Electrical conductivity across period 3
After studying this page, you should be able to:
- describe and explain how electrical conductivity varies across period 3
The table shows electrical conductivity values for the elements Na to Ar, relative to aluminium.
|Element||Symbol||Atomic number||Electrical conductivity|
Substances conduct electricity if they contain charged particles that can move from place to place when a potential difference is applied.
The table give some information about different substances.
Substance Notes metal conduct when solid or liquid covalent substances do not conduct (graphite is an exception) ionic compounds conduct when dissolved or when liquid
Description of trend
The graph shows how electrical conductivity varies across period 3.
There is a lot going on in this graph, so it is often easier to divide it into three sections. The table below gives a brief summary of these sections.
|Elements||Type of element||Type of structure||Description|
|Na, Mg, Al||metal||metallic||conductivity increases from Na to Al|
|Si||metalloid||giant covalent||conductivity much less than Na, Mg and Al|
|P, S, Cl, Ar||non-metal||simple molecular
(Ar is monatomic)
|do not conduct electricity|
Explanation of this trend
Sodium, magnesium and aluminium
Sodium, magnesium and aluminium are all metals. They have metallic bonding, in which the nuclei of metal atoms are attracted to delocalised electrons.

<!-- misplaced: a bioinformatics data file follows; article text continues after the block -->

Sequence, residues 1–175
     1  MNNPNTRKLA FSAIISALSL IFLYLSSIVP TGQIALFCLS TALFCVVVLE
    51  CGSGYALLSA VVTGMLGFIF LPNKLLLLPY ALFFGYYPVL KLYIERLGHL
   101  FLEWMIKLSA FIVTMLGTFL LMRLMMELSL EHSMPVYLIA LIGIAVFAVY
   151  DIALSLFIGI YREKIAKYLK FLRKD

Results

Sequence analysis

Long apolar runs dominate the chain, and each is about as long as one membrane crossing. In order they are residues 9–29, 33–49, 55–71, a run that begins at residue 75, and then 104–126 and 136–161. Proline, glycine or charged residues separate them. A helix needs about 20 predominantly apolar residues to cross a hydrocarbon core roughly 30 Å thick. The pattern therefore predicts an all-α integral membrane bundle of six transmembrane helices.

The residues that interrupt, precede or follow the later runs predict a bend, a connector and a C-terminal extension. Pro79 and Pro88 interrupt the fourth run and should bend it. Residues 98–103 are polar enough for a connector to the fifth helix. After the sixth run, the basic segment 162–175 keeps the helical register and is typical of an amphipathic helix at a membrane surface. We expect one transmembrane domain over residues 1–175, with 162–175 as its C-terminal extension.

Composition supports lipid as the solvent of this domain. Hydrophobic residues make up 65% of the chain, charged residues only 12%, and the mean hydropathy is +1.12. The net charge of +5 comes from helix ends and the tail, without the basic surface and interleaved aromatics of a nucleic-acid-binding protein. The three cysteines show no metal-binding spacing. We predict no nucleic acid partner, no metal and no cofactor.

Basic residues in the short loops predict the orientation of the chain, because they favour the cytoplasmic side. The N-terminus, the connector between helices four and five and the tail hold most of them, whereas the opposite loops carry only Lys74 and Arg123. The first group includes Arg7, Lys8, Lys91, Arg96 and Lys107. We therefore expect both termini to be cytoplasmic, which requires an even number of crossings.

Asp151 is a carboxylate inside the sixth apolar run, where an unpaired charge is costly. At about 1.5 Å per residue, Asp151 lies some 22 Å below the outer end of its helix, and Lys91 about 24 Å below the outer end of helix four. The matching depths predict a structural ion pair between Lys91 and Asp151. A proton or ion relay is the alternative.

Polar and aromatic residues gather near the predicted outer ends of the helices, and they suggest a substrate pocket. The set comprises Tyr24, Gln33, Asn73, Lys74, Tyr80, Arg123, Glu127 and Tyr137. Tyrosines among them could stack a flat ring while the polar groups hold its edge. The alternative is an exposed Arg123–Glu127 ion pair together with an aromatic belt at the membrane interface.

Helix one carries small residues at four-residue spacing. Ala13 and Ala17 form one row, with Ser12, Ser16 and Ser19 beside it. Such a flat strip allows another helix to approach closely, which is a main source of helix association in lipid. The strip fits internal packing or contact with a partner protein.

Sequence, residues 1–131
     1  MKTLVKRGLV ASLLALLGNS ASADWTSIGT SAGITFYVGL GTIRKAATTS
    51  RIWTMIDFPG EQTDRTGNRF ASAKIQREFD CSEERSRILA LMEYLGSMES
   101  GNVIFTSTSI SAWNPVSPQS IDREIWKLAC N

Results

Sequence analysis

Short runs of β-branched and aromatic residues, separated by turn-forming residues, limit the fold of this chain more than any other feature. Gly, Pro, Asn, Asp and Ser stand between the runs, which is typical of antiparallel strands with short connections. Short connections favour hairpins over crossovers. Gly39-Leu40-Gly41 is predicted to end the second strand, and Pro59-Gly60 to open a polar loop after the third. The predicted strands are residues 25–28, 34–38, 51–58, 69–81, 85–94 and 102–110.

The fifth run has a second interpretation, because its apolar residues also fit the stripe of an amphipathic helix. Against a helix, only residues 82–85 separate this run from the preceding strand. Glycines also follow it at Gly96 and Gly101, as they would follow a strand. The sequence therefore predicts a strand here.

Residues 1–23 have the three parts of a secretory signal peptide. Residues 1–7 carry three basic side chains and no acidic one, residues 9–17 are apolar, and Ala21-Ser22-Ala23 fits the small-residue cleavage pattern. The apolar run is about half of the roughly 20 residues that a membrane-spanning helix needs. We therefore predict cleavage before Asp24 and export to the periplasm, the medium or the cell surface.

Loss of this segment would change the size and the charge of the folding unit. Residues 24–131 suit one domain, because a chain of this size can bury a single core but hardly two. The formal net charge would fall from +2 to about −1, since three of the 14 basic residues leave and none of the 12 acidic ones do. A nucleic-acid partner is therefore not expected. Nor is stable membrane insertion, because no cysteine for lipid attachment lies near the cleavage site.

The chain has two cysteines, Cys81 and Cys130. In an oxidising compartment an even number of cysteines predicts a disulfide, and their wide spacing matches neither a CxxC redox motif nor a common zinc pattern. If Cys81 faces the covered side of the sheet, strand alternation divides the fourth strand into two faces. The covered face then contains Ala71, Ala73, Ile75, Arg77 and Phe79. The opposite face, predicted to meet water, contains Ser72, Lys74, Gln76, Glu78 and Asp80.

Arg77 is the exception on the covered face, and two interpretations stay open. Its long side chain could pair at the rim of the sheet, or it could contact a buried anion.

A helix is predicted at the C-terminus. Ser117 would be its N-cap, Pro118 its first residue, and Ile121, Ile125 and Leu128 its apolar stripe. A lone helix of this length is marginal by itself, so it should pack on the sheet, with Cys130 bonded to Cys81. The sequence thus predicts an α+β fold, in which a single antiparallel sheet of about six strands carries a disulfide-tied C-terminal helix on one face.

Going from sodium to aluminium:
- the number of delocalised electrons increases …
- there are more electrons that can move and carry charge through the structure …
- the electrical conductivity increases.
Silicon has a giant covalent structure. It is a semiconductor, so it is not a good conductor or a good insulator.
Phosphorus, sulfur, chlorine and argon
The remaining elements in period 3 do not conduct electricity. They have no free electrons that can move around and carry charge from place to place.
Metallic bonding is often incorrectly described as the attraction between positive metal ions and delocalised electrons. However, metals still consist of atoms, but the outer electrons are not associated with any particular atom.
In a similar way, graphite (a non-metal) also has delocalised electrons. However, you don't see the idea that it consists of carbon ions.
The giant lattice structure of silicon is similar to that of diamond. Each silicon atom is covalently bonded to four other silicon atoms in a tetrahedral arrangement.
The atoms in molecules of phosphorus, sulfur and chlorine are held together by covalent bonds.